This article originally appeared in the Q1 -2013 edition of Cloud Computing Magazine.
The Mayans predicted that the world as we knew it would come to an end on Dec. 21, 2012. However, since this first quarter of 2013 issue of Cloud Computing has found its way to you, we are obviously still here.
Predictions are usually made based on facts and experience, but sometimes these forecasts prove inaccurate. In the ever-changing landscape of technology, it can be especially difficult to foretell what specific outcomes will come to fruition. Nevertheless, it’s the job of analysts and prognosticators to size up the year ahead in technology.
As we start a New Year, many predictions have been made about cloud computing and how this disruptive force will continue to evolve in 2013. Gartner (News - Alert) said recently that 2013 is going to be about expansion of cloud computing and the struggle by the enterprise to achieve appropriate security for it.
“Increased adoption of cloud-based computing is expected to impact the way security is consumed as well as how key government agencies will prioritize security of public cloud infrastructure,” according to Gartner analysts Ruggero Contu, Lawrence Pingree, and Eric Ahlm.
Increased adoption of cloud-based computing is expected to impact the way security is consumed as well as how key government agencies will prioritize security of public cloud infrastructures, the analysts’ say. This overall trend will lead to more managed security services providers through cloud delivery.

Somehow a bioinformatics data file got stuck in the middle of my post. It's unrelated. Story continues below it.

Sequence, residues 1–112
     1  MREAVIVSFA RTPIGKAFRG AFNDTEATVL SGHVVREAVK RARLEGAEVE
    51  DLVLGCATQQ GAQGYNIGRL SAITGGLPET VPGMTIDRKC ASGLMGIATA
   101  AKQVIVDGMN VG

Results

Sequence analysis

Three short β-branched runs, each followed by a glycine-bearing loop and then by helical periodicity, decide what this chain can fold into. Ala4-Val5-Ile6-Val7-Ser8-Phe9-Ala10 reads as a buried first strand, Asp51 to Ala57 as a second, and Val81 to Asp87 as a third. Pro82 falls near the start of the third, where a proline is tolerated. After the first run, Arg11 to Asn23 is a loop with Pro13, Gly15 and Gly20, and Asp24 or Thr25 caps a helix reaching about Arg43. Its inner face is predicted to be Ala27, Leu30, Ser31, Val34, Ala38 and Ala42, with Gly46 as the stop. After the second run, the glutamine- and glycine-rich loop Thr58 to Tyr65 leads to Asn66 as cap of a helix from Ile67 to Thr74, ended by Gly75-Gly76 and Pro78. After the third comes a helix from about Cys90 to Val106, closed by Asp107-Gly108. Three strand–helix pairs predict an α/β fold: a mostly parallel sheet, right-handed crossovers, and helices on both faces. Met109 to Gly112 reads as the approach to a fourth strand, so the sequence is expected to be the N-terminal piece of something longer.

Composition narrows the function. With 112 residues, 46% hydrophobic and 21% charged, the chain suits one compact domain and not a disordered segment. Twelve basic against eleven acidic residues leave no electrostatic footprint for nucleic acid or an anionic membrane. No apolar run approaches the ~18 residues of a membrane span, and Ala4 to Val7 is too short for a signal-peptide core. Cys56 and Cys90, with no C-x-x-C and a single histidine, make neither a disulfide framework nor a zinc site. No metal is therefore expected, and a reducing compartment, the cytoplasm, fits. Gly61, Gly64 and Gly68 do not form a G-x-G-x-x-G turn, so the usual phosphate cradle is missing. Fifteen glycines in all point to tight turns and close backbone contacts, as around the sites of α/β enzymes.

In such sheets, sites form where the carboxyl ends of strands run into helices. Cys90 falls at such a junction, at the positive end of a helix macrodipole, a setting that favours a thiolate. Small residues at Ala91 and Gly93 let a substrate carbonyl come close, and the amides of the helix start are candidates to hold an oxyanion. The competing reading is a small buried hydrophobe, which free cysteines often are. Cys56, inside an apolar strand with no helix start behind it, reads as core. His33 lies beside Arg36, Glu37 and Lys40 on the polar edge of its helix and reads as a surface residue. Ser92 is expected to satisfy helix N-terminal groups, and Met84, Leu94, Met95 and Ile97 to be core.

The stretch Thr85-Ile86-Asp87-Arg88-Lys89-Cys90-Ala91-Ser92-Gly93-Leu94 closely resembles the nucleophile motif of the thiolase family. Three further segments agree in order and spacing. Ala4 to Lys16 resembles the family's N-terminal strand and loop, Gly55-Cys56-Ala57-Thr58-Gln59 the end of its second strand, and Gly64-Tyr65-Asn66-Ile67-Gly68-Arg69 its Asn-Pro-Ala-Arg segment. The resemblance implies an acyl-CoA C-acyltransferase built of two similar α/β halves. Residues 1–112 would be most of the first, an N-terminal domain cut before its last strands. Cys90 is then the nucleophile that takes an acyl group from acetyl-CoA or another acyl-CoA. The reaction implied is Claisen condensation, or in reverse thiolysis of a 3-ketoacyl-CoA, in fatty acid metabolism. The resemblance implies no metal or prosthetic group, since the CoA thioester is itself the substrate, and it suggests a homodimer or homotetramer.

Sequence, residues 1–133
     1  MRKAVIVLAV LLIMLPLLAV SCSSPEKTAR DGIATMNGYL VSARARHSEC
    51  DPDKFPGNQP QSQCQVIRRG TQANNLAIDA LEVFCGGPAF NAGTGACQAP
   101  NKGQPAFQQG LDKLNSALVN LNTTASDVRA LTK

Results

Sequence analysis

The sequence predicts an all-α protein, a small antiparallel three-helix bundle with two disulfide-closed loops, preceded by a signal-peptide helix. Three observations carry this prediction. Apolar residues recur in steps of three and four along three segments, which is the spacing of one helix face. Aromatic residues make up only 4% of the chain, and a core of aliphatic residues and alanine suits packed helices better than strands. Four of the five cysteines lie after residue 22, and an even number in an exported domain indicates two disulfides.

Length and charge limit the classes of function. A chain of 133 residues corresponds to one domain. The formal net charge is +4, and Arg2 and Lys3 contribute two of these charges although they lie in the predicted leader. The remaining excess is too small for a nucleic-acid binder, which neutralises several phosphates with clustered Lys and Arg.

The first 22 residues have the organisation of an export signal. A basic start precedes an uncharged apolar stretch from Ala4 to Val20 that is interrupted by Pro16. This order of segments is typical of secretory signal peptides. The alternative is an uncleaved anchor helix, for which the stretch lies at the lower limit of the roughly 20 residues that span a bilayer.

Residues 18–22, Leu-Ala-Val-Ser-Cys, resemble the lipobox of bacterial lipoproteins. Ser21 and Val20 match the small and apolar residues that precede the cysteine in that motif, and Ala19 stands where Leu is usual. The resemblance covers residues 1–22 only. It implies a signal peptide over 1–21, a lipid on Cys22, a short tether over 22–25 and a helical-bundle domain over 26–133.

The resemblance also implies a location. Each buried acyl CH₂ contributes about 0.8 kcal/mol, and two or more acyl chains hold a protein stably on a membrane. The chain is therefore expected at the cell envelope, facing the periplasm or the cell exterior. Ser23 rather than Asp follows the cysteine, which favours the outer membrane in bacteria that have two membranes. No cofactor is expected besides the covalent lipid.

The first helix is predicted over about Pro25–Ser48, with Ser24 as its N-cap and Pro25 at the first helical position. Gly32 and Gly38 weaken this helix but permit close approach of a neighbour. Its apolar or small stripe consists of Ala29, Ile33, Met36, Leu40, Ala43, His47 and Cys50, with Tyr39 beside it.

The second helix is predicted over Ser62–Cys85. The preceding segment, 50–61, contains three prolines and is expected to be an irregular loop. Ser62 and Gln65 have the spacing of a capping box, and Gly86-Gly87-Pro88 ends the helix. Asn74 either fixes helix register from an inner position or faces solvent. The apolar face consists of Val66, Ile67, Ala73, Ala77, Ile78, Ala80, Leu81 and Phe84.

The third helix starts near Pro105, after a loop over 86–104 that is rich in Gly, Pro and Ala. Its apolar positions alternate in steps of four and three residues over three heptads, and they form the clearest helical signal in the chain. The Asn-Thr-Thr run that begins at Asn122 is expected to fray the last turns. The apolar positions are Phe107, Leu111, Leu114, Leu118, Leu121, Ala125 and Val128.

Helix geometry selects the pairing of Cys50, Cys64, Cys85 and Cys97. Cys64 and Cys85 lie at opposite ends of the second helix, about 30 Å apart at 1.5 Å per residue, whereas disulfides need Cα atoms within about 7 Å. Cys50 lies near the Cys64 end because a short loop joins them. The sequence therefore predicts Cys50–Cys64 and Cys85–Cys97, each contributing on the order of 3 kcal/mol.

According to Gartner, 33 percent of all organizations currently have BYOD policies in place for mobile devices such as smartphones and tablets. The policies and tools initially put in place to deal with mobile devices offering consumer-grade security need to be revised to deal with these devices being under the ultimate control of a private user, rather than the organization, explains Dionisio Zumerle, principal research analyst at Gartner.
And for organizations that have embraced software-as-a-service (SaaS (News - Alert)) solutions, BYOD can actually make data more secure, according to Backupify’s Rob May, who writes about how to make data more secure with BYOD in this issue of Cloud Computing (see page XX).
While BYOD can’t make your data indestructible, when combined with proper IT policies, regular employee training and comprehensive data backup, May says it can ensure the integrity of your company data while supporting a more flexible, productive workforce.
Regardless of which predictions come true this year, organizations that take a strategic approach to security policies and continue to play an active role in security and risk management even after they choose a cloud service provider will reap the financial rewards of managed cloud applications and services.
Edited by Brooke Neuman